As a polymath, teacher, and editor he belongs to the most renowned exponents of semiotics in the second half of the 20th century, based on his numerous books and even more numerous essays and other writings on general semiotics, biosemiotics, zoosemiotics and linguistics, and further remarkable texts in and on fields like psycholinguistics, mythology, folklore, ethology, stylistics, theory of art. Beside editing Semiotica, he was for decades the Series Editor responsible for the leading book series Advances in Semiotics, Approaches to Semiotics, Approaches to Applied Semiotics, and Topics in Contemporary Semiotics, and he distinguished himself particularly as the General Editor of the three tomes standard reference work Encyclopedic Dictionary of Semiotics (1986; recently appeared in revised and enlarged form). By means of his scientific, institutional, and editorial efforts he exerted steady influence on the development of semiotics as a (trans)discipline.

In the scientific as well as in the broader public, Thomas A. Sebeok's name is associated most of all with the term zoosemiotics, coined in 1963 and signifying that semiotic branch concerned with the study of animal sign use. In deals with the species-specific communication systems and their foundations, that is, the so-called "language of animals", or rather, their signifying behavior, and this in a synchronic perspective (while ethology examines the diachronic dimension). Therefore, this discipline figures, in Sebeok's view, between ethology and semiotics as such which, according to this definition, reduces itself to an anthroposemiotics, comprising even in this delimitation many components close to, or based on, animal communication (that is, the semiotics of humans divides, in his understanding, into anthropo- and zoosemiotic components, the first comprising e.g. language plus "verbal macro-structures", artificial languages as well as more complex language-independent sign systems, while the latter includes fields like para-linguistics, non-verbal communication, proxemics, etc.). Zoosemiotics itself divides into zoosyntax, -semantics and -pragmatics; further, Sebeok methodologically asked for a pure, a descriptive, and an applied zoosemiotics. Sebeok's particular view of anthroposemiotics as an interface between two realms results from his finding that zoosemiotics rests on the more comprehensive science of biosemiotics, as whose most prominent representative he himself must be considered actually. Biosemiotics is already prefigured in Jakob von Uexküll's work, that is, in his Umweltlehre, which at the same time is, or contains, a doctrine of signs and of meaning. Sebeok fruitfully combined the influences of von Uexküll and Charles S. Peirce, to merge them into an original and homogeneous whole comprising, on the one hand, an evolutionary perspective, and bringing forth new paradigms, on the other, for instance by the distinction between exo- and endosemiotics (the first concerned with inter-organismic, the latter with intra-organismic sign events). In this vein, Sebeok particularly in more recent times dwelled upon the prime conditions of life as well as of semiosis, arriving at the thesis that symbiosis and semiosis are one and the same.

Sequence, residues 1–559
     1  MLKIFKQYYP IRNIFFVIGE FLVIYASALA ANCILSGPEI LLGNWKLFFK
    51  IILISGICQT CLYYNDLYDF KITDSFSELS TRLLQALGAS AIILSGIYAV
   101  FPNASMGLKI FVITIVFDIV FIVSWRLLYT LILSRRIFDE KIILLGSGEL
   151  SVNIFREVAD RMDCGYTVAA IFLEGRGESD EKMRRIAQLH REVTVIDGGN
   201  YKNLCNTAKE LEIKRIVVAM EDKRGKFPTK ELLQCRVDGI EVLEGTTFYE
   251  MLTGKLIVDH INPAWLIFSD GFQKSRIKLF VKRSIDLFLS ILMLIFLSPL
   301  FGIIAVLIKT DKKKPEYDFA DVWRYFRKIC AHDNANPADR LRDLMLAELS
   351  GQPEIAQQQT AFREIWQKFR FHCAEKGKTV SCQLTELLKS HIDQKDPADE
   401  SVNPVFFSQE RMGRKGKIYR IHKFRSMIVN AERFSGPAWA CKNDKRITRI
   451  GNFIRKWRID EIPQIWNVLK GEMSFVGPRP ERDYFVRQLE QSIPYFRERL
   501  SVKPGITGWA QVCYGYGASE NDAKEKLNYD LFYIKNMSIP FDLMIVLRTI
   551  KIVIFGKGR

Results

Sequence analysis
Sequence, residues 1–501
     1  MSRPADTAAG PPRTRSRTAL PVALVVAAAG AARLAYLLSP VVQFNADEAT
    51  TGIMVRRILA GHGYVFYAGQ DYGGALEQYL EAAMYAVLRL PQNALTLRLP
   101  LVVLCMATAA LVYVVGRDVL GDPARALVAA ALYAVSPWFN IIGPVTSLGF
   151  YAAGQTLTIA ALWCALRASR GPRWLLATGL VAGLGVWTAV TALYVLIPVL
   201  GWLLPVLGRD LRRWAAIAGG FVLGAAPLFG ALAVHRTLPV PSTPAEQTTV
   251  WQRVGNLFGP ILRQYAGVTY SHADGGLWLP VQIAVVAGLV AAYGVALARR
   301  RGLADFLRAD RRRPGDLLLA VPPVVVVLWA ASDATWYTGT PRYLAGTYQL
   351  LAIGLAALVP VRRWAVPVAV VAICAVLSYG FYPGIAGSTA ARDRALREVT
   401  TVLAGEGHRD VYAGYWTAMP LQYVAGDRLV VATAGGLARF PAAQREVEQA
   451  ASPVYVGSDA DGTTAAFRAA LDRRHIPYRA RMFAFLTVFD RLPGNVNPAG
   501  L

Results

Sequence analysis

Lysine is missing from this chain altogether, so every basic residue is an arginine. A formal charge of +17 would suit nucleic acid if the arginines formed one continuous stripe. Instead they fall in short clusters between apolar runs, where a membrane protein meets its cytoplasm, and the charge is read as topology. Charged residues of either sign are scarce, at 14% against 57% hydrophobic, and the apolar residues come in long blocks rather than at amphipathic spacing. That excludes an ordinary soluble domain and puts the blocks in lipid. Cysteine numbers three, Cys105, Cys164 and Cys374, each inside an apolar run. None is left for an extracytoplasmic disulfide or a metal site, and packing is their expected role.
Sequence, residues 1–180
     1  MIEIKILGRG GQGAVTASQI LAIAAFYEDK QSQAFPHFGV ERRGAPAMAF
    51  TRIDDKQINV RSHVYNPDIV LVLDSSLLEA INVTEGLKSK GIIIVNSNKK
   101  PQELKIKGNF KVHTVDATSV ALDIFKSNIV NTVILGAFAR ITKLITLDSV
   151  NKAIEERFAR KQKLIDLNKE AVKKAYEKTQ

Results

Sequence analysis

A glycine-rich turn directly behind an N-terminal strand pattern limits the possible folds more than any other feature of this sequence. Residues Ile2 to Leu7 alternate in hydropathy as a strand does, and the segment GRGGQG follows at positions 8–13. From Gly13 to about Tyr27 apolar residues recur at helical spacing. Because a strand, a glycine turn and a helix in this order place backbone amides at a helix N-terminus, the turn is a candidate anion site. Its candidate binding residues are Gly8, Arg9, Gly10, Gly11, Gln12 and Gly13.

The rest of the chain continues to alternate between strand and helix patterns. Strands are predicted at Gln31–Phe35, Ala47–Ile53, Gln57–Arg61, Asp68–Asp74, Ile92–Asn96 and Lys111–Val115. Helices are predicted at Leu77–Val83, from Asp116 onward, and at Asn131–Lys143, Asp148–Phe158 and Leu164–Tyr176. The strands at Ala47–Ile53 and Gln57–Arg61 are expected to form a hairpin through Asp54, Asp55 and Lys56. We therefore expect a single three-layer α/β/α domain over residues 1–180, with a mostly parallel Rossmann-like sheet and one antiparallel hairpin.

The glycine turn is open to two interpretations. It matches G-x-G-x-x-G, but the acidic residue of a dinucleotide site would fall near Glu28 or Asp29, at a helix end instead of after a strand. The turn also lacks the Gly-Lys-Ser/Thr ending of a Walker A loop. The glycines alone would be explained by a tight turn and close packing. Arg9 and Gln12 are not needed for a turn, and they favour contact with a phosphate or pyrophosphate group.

Connected with the complex of bio-/zoosemiotics is also Sebeok's strong interest in medical semiotics. Its roots can be traced back to antiquity, to Hippocrates and Galen, since the ancient physicians already were skilled "sign readers", and some of them have described and also theoretically reflected their diagnostic systems. That is, beside the nowadays much better known linguistic and philosophical points of departure of modern semiotics, the medical tradition can right well be traced back as a third strand of its very own, with relevance until today. It is a remarkable fact that in the field of medical diagnostics and symptomatology (foremost in veterinary medicine) the terms "semiotics" and/or "semeiotics" were in use till the end of the 19th century. But there is no doubt, the relationship between semiotics and medicine is much more intricate, and exactly this complex interplay is addressed in Sebeok's research who, on the other hand, has proved to be a meritful historiographer of medical semiotics, too (as of semiotics in general!). Apart from all this, he has authored countless contributions on more "established" semiotic, linguistic, etc. topics which, however, more often than not supply references to the biosemiotic paradigm.